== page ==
To what extent were the information, statistics and updates told to the public of the British and German homefronts accurate and reliable?

What was life like on the homefront?

The Home Front saw a massive change in the role of women, rationing, the bombing of parts of Britain by the Germans (the first time civilians were targeted in war), conscientious objectors and strikes by discontented workers. The whole nation was under the jurisdiction of DORA (Defence of the Realm Act).

In what ways were the lives of people in Germany affected by the First World War?

People in Germany soon started to suffer during the war, when the British used their large navy to stop supply ships getting to Germany. As a result, there were terrible shortages of food, medicines and clothing. As the war continued, people grew weary and tired of it.

How did ww1 affect people’s lives in Britain?





State intervention was extended into areas such as rent control (1915), conscription (1916), price control (1917), rationing (1918) and even alcohol dilution. The war heralded seismic political shifts: the collapse of the Liberal Party, the rise of Labour and Britain’s first near-democratic franchise.

How did total war affect soldiers and those on the homefront in WWI?

How did total war affect soldiers and those on the homefront in WWI? There were no limits to the weapons used, the territory, or combatants involved. Every soldier was a target. Propaganda posters convinced people to join the war in order to increase war effort.

Why was the home front so important?

Without the steadfast support of the “Home Front”—the factory churning out weapons, the mother feeding her family while carefully monitoring her ration book, the child collecting scrap metal for the war effort—US soldiers, sailors, and airmen could not have fought and defeated the Axis.

How did life on the home front change during the war?

Food, gas and clothing were rationed. Communities conducted scrap metal drives and planted “victory gardens.” To help build the armaments necessary to win the war, women and Blacks found employment as electricians, welders and riveters in defense plants.

What was the social impact of WW1 on Germany?





German society changed enormously as a result of the war. During the war the percentage of women in the workforce had risen to 37%, a massive rise. At the end of the war this figure did not fall dramatically, meaning that from now on women had a significant role to play in the German economy.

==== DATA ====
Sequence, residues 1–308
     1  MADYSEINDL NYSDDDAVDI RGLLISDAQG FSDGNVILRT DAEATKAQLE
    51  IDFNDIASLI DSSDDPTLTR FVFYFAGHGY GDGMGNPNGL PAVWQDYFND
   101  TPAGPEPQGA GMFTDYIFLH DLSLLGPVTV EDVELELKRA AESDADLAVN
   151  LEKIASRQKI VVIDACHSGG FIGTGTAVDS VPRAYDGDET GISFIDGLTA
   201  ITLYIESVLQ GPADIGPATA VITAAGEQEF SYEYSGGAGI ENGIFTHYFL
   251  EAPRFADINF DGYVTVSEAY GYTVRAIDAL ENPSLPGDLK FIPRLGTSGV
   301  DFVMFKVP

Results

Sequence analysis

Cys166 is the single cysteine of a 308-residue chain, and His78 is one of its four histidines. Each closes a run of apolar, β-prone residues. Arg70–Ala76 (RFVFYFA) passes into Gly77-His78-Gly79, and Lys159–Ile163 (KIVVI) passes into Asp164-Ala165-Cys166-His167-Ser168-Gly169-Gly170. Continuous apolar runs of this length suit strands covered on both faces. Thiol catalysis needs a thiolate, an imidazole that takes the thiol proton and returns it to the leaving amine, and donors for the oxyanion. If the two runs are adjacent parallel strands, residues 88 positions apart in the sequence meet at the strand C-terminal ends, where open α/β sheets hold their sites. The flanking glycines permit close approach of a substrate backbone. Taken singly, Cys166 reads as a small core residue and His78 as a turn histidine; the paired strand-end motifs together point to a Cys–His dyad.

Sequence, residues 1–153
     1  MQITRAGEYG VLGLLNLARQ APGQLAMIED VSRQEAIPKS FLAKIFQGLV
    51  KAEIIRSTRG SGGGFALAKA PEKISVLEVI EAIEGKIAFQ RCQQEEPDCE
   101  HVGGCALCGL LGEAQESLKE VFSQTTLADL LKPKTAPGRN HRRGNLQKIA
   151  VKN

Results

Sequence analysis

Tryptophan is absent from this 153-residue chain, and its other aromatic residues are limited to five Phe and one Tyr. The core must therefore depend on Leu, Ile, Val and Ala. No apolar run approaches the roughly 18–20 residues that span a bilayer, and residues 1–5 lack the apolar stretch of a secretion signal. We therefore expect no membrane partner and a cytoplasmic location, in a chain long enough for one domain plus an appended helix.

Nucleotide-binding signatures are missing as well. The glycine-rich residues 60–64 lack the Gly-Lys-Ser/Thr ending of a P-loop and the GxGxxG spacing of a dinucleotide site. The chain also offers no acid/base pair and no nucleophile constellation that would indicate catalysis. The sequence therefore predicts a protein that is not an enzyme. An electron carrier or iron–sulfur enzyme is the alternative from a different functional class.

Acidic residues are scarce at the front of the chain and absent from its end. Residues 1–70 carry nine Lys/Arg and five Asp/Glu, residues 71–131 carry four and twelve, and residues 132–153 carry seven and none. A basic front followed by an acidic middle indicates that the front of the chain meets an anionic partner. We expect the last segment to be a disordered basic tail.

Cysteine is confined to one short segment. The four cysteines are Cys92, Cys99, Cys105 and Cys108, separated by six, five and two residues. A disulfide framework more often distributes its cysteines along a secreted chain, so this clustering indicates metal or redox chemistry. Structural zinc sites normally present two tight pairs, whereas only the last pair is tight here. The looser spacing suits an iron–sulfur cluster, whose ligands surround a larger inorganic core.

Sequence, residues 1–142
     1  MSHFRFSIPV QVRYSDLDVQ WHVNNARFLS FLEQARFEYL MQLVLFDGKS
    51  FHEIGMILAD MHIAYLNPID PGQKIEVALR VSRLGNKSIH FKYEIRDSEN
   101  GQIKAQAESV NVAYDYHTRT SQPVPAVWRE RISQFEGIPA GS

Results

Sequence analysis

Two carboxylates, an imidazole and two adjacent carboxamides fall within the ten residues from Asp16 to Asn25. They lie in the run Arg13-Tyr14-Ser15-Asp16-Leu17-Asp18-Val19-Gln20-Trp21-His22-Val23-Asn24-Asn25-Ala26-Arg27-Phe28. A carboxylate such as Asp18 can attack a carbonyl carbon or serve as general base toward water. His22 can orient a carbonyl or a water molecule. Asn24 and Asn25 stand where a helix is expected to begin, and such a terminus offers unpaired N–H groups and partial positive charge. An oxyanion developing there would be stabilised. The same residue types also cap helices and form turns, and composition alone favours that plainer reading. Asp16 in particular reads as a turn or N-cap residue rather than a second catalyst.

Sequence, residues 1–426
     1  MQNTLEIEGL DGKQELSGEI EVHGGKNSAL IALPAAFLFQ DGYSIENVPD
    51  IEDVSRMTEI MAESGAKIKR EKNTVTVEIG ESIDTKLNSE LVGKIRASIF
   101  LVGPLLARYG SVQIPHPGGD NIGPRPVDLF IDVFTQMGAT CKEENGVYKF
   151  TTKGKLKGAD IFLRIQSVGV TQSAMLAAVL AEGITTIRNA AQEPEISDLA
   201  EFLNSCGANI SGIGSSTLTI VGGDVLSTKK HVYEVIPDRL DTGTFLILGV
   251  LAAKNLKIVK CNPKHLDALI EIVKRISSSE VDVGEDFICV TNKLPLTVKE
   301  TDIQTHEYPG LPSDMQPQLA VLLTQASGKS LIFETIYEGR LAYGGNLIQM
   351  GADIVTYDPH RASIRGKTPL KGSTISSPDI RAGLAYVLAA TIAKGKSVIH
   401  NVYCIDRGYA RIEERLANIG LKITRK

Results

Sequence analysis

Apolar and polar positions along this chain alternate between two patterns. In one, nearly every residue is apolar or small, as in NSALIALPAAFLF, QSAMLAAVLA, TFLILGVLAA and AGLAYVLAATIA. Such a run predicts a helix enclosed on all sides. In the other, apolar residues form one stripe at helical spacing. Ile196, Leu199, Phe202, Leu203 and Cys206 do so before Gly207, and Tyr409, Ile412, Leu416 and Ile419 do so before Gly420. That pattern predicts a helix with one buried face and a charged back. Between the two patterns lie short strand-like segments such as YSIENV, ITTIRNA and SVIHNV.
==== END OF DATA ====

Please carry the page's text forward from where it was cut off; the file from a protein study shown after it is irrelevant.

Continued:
What social effects did WW1 have on Germany?

Citizens faced poor economic conditions, skyrocketing unemployment, political instability, and profound social change. While downplaying more extreme goals, Adolf Hitler and the Nazi Party offered simple solutions to Germany’s problems, exploiting people’s fears, frustrations, and hopes to win broad support.

Was Germany to blame for WW1?

The Treaty of Versailles, signed following World War I, contained Article 231, commonly known as the “war guilt clause,” which placed all the blame for starting the war on Germany and its allies.



What did people do on the homefront?

People were needed on the home front to help with all sorts of things. They were encouraged to plant vegetables on any spare land they had to supplement the rationing, but people were also recruited into a variety of essential positions such as Air Raid Wardens and the Home Guard.

What was life like on the homefront during the Civil war?

Families on the home front faced shortages of every kind as both the Union and Confederate armies struggled to feed and outfit their troops. This was particularly severe in the South, as the Union navy blockaded the Southern states to prevent any sort of European goods from being imported to the South.

What was life like on the homefront for African Americans?

Cafeterias and restrooms were segregated. Black workers entered work through separate doors and lived in separate, often inferior housing. African Americans were frequently paid less, assigned more menial jobs, and denied the chance for advancement.

Similar Posts: